Yemen’s defence ministry has reported that Anwar al-Awlaki, a well-known and controversial imam with alleged ties to al-Qaeda, was killed along with four others.
A government statement released to the media on Friday said Awlaki was hunted down by Yemeni forces, but did not elaborate on the circumstances of his death. He was wanted by both the US and Yemen.
“The terrorist Anwar al-Awlaki has been killed along with some of his companions,” the statement sent by text message to journalists said.
The 40-year-old US-born Awlaki, a dual Yemeni-American citizen, was a father of five. Among those that were killed with him was the co-editor of al-Qaeda’s Inspire magazine, Samir Khan, a US citizen of Pakistani origin.
Khan was a specialist in computer programming and was also wanted by the Yemeni government and the US.
Two vehicles hit
Tribal sources told the AFP news agency that Awlaki was killed early on Friday in an air raid that hit two vehicles travelling through an al-Qaeda stronghold in central Yemen.
Government officials say he was targeted 8km from the town of Khashef in the province of al-Jawf, just 140km from Sanaa, the capital.
Barack Obama said the killing of Awlaki was a “significant milestone in the broader effort to defeat al-Qaeda and its affiliates”.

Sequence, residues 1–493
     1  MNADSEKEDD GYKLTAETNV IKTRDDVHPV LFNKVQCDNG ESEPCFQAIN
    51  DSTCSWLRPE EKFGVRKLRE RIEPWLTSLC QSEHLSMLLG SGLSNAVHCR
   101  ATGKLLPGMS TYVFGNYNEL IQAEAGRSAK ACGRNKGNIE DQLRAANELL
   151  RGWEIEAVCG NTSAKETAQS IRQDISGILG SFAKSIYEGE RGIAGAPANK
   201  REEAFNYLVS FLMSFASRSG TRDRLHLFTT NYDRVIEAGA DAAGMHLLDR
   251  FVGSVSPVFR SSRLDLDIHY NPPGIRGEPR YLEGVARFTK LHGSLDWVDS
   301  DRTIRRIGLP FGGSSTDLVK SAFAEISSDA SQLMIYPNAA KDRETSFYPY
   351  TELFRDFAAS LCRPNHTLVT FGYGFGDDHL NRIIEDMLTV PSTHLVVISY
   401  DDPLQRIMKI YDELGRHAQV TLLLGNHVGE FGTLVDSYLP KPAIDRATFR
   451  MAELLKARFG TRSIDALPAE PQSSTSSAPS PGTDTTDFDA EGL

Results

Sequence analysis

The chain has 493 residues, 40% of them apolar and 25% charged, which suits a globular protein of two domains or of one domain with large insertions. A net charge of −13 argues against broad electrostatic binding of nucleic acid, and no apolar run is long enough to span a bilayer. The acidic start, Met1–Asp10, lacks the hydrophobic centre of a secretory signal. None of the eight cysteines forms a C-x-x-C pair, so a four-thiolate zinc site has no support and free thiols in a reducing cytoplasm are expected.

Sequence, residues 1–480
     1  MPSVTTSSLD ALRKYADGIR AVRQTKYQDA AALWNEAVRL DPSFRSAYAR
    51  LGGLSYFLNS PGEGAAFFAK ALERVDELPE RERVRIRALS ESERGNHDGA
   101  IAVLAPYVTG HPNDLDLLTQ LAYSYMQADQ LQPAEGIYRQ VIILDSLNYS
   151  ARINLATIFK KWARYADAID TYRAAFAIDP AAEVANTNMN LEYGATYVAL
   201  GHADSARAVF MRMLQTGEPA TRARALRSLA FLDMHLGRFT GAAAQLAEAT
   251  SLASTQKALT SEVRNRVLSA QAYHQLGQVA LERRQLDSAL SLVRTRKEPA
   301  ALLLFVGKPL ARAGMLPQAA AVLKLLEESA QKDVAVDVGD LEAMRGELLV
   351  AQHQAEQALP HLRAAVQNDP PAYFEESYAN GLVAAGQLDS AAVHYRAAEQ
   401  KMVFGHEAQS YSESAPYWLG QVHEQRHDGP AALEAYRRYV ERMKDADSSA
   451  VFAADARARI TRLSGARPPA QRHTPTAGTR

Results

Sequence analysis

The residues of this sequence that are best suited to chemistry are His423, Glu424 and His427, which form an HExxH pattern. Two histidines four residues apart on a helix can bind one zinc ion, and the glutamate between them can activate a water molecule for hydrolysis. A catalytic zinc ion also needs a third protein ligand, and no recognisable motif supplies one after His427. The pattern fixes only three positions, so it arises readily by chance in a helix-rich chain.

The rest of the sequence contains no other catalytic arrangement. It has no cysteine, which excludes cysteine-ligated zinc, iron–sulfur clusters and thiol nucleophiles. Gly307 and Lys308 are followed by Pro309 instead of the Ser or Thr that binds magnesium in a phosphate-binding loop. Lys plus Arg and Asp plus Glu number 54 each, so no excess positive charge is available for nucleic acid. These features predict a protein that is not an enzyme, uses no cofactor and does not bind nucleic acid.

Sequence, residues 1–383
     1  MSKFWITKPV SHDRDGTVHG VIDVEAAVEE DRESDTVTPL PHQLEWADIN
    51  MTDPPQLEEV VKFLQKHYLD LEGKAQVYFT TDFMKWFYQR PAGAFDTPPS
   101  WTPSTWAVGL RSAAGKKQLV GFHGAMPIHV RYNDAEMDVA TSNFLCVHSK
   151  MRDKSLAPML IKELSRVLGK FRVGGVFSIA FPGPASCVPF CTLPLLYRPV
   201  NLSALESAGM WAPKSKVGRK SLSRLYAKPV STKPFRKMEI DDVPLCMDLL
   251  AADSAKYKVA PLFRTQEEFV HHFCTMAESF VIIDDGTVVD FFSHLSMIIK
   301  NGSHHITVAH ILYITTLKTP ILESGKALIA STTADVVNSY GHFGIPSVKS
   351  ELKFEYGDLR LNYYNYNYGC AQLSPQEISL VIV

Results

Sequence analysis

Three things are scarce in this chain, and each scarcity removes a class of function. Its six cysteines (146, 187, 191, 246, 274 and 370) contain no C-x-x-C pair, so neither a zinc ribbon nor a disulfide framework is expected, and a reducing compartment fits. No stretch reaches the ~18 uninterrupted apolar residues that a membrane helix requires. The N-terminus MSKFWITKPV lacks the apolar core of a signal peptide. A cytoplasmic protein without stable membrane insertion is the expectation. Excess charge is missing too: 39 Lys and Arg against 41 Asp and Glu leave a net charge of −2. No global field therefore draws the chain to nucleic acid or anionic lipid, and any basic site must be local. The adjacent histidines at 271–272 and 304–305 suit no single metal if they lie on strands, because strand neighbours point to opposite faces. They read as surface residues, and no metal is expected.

Gregory Johnsen, a Yemen analyst from Princeton University, discusses Anwar al-Awlaki’s killing
Speaking in Virginia on Friday, the US president described the killing as a tribute to the US intelligence community.
“Awlaki repeatedly called on individuals in the United States and around the globe to kill innocent men, women and children to advance a murderous agenda,” he said.
While holding Awlaki “directly responsible” for the deaths of many Yemeni citizens, Obama cautioned that Al-Qaeda in the Arabian Peninsula (AQAP) was still dangerous although it remained a “weakened” outfit.
A senior White House official had earlier confirmed the death of Awlaki.
The news came amid unrest in the impoverished Arabian Peninsula country, where protesters have staged protests since February demanding the resignation of Ali Abdullah Saleh, the country’s president since 1978.
The aircraft that carried out the deadly attack was probably American, according to tribal sources, who said US aircraft had been patrolling the skies over Marib, a central Yemeni province, for the past several days.
The tribal sources also said Awlaki had relocated from the nearby Shabwa region about three weeks ago.
A US drone aircraft targeted but missed Alwaki in May, and the Yemeni defence ministry had previously announced Awlaki’s death late last year.
Targeted by drones
On December 24, the Yemeni government said he had been killed in an air attack, only to admit later that he was still alive.
“He has been a target of US drones at least three times,” Hakim al-Masmari, editor-in-chief of the Yemeni Post, told Al Jazeera.